My research interests include health economics, labor economics, public economics, and public policy.
"The Impact of Educational Rewards on the Diagnosis of Autism Spectrum Disorder" (with Scott McNamara ) Forthcoming at Economics and Human Biology
Autism Spectrum Disorder (ASD) is a complex neurodevelopmental disorder that affects social interactions and communication. The prevalence of ASD has risen dramatically in recent years, but the underlying factors leading to this rise are not clear. In this paper, we test whether changes in state-level educational policy that impact school-level resources are associated with the rise in ASD diagnostic prevalence. Early identification of ASD can improve an array of outcomes for children, and school systems play an important role with identification of the condition. It is plausible that children attending schools with better resources from state governments are more likely to receive an ASD diagnosis and presumably appropriate services. We focus on one educational policy in particular, state-level rewards, which consist of a monetary transfer from state governments to school districts. To test the impact of educational rewards on ASD diagnosis, we rely on policy variation across states and time and estimate both two-way fixed effects (TWFE) models alongside recently advanced methods in the difference-in-differences (DiD) literature. Under a baseline TWFE specification we estimate that rewards policies are associated with a 18.46 percent increase in ASD diagnosis. Further, using DiD methods that account for bias in settings of differential policy timing, we find that the magnitude of the effect increases to 24.8 percent. We believe these findings to be suggestive evidence that educational rewards policies improved the likelihood of detection and diagnosis of ASD.
"Access to Health Care and Mental Health -- Evidence from the ACA Preexisting Conditions Provision" (with Otto Lenhart) Health Economics 2022 31(5), 760-783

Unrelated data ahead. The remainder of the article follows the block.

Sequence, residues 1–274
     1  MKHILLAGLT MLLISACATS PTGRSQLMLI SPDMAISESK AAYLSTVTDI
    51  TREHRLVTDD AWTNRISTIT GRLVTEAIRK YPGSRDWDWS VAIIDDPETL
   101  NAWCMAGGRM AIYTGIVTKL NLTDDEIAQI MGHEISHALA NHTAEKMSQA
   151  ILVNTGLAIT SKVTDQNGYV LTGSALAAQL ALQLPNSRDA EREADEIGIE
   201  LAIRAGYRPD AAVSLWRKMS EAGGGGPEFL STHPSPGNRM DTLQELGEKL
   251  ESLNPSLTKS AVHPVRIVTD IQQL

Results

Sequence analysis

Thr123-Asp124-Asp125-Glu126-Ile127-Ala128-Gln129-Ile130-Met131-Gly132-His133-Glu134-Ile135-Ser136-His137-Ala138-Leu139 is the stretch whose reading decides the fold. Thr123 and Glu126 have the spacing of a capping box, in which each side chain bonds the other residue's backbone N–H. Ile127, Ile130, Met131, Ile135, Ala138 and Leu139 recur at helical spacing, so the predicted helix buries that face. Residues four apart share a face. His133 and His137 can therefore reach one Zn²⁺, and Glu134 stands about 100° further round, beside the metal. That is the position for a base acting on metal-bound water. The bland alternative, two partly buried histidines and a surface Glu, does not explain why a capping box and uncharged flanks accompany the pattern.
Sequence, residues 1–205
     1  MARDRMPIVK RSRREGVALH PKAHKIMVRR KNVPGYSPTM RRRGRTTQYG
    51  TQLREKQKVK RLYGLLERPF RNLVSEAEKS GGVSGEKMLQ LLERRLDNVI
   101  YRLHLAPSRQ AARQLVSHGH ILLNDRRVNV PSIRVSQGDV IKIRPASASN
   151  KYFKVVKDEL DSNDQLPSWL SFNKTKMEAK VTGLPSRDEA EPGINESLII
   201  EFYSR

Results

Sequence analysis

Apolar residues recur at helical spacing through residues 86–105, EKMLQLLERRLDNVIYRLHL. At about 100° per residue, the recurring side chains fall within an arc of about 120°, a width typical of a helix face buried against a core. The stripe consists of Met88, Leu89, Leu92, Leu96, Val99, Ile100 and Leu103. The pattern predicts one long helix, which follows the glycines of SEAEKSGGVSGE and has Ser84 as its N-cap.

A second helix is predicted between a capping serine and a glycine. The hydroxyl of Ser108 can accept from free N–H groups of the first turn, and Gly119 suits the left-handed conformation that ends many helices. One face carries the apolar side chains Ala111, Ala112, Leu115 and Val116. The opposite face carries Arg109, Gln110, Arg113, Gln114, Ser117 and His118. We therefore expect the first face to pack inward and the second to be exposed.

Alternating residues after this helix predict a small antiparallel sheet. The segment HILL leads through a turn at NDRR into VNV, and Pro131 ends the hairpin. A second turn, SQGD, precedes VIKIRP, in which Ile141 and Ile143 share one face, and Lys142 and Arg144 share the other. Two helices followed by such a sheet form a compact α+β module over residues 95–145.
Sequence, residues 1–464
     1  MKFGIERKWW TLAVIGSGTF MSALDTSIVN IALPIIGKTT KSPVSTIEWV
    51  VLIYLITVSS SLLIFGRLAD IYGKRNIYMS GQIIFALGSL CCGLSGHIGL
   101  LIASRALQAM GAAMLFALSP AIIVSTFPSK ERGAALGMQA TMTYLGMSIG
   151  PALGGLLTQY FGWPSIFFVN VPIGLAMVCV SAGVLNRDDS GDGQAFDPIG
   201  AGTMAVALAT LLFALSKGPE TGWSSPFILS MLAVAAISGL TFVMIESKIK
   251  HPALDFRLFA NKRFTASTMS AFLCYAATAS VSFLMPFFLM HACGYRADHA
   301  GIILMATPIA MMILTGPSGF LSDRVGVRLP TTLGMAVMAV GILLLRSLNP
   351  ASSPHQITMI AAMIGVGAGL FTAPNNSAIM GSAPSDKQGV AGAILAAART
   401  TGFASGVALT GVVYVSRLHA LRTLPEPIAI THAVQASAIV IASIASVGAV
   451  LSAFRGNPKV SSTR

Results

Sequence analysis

This study evaluates the impact of the Affordable Care Act preexisting conditions provision on mental health. The 2014 policy ensured individuals with preexisting health conditions the right to obtain insurance coverage. Using longitudinal data from the Panel Study of Income Dynamics between 2009 and 2017 and estimating difference-in-differences models, our study provides evidence that the policy reduced severe mental distress by 1.38 percentage points among individuals with preexisting physical health conditions. Exploiting pre-ACA, state-level variation in policies providing insurance coverage options to people with preexisting conditions, we find that this improvement in mental well-being is highly associated with the presence of high-risk pools before 2014, which provided individuals with prior health conditions access to coverage. Specifically, we show that our main results are driven by individuals with preexisting health conditions living in the 16 states that did not have high-risk pools. Furthermore, gender-specific analysis shows that the reduction in mental distress is primarily observable among women. When examining a potential mechanism, our analysis provides evidence that reductions in financial strain related to health expenditures can explain the positive effects of the provisions on mental well-being.
Economic Inquiry 2022 60(2), 568-591
This paper investigates the impact of the Affordable Care Act Medicaid expansions on marital behavior. We use data from the American Community Survey from 2008 to 2019 and estimate difference-in-differences models to test for effects on marriage and divorce outcomes. We find that expansions led to a 0.95 percent reduction in marriage stock and a 2.22 percent increase in the stock of divorced individuals, with effects being larger among those with low education. We believe that two factors play a role as underlying mechanisms: 1) reduced reliance on spousal health insurance coverage, and 2) deciding to forego marriage or get divorced to meet post-policy eligibility restrictions.
Health Economics 2019 28(11), 1345-1355
This paper investigates the effect of the Affordable Care Act preexisting conditions provision on marriage. The policy was implemented to prevent insurers from denying insurance coverage to individuals with preexisting health conditions. We test whether the implementation of the provision led to decreases in marriage among affected adults. We add to earlier work on how marital behavior is influenced by spousal health insurance and examine for the presence of "marriage lock," a situation in which individuals remain married primarily for insurance. Using data from the Panel Study of Income Dynamics from 2009 to 2017 and estimating difference-in-differences models, we find that male household heads with preexisting conditions are 7.12 percentage points (8.9 percent) less likely to be married after the policy. Using information on insurance status prior to the policy change, we find significant reductions in marriage among individuals with preexisting conditions who were previously insured by spousal health insurance plans. The findings suggest that the inability to attain individual coverage and reliance on spousal insurance provided incentives to remain married before 2014.